What’s more, our Faculty members like the combination of expert opinion and original articles. They see a value in it, and realize that there’s a kind of synergy going on here; if they contribute then others will be encouraged to too, and everybody wins.

I’d like to explore how evaluations might become citable — so that Faculty can put their work for us on their CV, how it might benefit their career, grant applications etc. We’re also considering more tangible benefits.

5. How are faculty members selected?
The Heads of Faculty, for each subject or speciality, are elected or selected on the recommendation of large numbers of medics and scientists we talk to. They divide their Faculty into Sections and then select two or three Section Heads. These scientists in turn identify the sub-fields within their Section and select Faculty Members, checking with Heads of Faculty. The Section Heads select Faculty Members on the basis of various criteria:
* the number of Faculty Members should be proportionally representative of the number of papers published within that field;
* the selected Faculty Members should be well respected by their peers and perceived as being fair-minded;
* there must be a good representation of genders, nationalities and age/seniority.

Faculty Members themselves are being asked to co-opt younger workers within their groups — post-docs, say — to help increase coverage and to write their own evaluations. We call these ‘Associate Faculty’.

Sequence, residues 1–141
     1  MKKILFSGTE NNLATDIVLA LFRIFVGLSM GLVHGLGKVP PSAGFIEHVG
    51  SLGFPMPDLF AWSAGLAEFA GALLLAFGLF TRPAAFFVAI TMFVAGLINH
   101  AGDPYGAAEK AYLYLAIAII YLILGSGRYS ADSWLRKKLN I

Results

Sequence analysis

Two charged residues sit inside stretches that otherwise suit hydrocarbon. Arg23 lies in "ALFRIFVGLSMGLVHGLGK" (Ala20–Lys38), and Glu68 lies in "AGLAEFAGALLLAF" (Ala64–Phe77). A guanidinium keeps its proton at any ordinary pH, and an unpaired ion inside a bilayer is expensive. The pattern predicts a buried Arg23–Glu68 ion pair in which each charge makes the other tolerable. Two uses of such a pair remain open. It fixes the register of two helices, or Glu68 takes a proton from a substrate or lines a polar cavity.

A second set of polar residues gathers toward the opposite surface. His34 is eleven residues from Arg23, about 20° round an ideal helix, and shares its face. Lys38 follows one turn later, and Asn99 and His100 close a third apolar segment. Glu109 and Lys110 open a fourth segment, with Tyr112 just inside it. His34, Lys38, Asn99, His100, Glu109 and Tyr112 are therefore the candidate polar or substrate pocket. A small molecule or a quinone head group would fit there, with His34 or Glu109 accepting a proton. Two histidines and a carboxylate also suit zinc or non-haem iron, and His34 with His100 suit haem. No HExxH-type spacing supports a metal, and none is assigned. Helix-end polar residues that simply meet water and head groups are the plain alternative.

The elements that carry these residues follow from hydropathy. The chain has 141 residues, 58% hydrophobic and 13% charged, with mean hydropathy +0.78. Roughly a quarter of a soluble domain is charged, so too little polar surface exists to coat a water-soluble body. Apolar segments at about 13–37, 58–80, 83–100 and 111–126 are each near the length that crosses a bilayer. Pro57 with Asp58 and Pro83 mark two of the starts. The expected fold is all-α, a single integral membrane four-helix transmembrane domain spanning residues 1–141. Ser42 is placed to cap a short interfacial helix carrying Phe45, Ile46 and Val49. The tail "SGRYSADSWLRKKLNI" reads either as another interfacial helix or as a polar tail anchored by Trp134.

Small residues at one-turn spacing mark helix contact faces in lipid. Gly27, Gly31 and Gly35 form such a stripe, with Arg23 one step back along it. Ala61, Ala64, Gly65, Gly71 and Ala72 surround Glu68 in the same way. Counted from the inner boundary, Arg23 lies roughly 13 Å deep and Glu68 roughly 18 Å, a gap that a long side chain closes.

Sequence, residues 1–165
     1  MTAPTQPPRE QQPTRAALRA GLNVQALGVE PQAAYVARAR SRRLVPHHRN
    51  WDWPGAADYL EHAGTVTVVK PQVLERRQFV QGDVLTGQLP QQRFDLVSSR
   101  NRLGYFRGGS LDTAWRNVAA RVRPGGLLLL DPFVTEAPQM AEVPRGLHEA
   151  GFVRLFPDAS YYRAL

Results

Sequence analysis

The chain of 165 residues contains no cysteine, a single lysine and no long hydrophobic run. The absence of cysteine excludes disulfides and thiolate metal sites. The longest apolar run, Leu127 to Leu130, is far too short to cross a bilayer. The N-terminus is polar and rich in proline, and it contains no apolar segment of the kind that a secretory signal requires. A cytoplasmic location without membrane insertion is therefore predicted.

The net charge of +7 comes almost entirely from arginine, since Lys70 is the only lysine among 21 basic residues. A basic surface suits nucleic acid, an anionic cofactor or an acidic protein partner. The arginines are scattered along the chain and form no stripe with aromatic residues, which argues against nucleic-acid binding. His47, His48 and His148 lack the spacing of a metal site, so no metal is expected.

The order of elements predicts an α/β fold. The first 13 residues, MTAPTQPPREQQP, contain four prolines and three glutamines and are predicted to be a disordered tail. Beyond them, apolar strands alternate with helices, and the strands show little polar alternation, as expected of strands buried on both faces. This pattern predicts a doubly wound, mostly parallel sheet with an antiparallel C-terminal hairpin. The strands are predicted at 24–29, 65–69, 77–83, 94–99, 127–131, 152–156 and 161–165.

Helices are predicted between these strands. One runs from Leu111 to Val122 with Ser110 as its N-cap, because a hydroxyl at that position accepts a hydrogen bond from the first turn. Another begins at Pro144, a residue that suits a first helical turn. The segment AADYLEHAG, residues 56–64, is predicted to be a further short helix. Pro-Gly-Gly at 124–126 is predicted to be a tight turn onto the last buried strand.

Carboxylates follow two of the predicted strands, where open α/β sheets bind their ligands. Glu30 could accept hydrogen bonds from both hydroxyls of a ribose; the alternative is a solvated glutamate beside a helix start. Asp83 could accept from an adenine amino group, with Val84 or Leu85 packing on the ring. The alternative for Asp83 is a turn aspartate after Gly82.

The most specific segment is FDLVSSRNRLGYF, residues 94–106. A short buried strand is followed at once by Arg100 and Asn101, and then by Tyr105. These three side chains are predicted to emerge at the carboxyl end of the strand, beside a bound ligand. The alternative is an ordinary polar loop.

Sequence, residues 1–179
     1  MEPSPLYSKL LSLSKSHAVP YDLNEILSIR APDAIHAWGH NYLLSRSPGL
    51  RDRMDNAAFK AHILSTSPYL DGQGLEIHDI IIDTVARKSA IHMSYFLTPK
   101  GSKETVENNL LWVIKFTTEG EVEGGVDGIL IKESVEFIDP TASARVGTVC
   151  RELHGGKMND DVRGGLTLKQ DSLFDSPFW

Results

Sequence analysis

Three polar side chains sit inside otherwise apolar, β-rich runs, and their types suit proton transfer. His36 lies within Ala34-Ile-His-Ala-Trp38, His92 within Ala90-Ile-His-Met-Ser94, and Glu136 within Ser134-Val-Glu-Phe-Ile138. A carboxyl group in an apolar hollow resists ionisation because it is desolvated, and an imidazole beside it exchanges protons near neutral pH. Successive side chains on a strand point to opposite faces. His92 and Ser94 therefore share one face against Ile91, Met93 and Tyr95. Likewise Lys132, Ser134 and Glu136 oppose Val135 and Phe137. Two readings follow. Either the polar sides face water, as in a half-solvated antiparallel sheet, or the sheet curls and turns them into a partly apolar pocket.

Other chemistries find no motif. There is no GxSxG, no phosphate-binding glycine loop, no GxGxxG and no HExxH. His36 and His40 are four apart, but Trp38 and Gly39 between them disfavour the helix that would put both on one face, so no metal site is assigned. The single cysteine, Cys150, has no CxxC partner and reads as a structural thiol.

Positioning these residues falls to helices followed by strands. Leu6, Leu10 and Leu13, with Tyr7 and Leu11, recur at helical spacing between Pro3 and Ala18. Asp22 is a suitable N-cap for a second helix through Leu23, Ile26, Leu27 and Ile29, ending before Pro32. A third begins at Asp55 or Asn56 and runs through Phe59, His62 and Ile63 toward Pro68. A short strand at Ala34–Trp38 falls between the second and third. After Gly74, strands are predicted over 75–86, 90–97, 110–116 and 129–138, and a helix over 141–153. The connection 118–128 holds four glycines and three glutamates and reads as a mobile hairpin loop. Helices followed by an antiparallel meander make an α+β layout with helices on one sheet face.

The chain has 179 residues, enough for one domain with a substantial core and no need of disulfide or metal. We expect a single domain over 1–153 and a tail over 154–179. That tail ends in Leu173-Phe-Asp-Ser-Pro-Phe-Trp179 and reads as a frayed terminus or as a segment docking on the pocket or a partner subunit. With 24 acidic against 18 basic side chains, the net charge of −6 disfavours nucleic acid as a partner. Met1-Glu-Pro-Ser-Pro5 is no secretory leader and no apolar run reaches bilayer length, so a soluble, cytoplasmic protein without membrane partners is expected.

6. Can Faculty of 1000 users comment on papers or paper evaluations?
Not at the moment, no. Faculty members can comment, or contribute a ‘dissent’ if they disagree with an evaluation, and authors of the evaluated papers are encouraged to respond, but we feel it’s important for users to know that they can trust what we publish. However, we’re currently planning to launch a forum whereby users can comment freely on evaluated papers. This would be open to anyone who registers, without a subscription, but kept distinct from the main evaluation.

7. Can paper authors comment on evaluations of their papers?
Yes! At the moment we get emails from authors saying that they’re pleased to have their papers selected, but we’re going to make it possible for them to comment on the evaluations directly so that a conversation with the Faculty can be initiated.

8. What is Faculty of 1000 Reports?
F1000 Reports carries short reviews, or commentaries, on emerging trends identified from within the F1000 database. F1000 Medicine Reports features studies that are likely to change clinical practice and summarizes implications for clinicians. F1000 Biology Reports contextualizes important and exciting papers or clusters of publications. The Advisory Board (for F1000 Biology Reports and F1000 Medicine Reports) identifies potential topics and invites appropriate Faculty members to write about them.

9. What are your responsibilities at Faculty of 1000?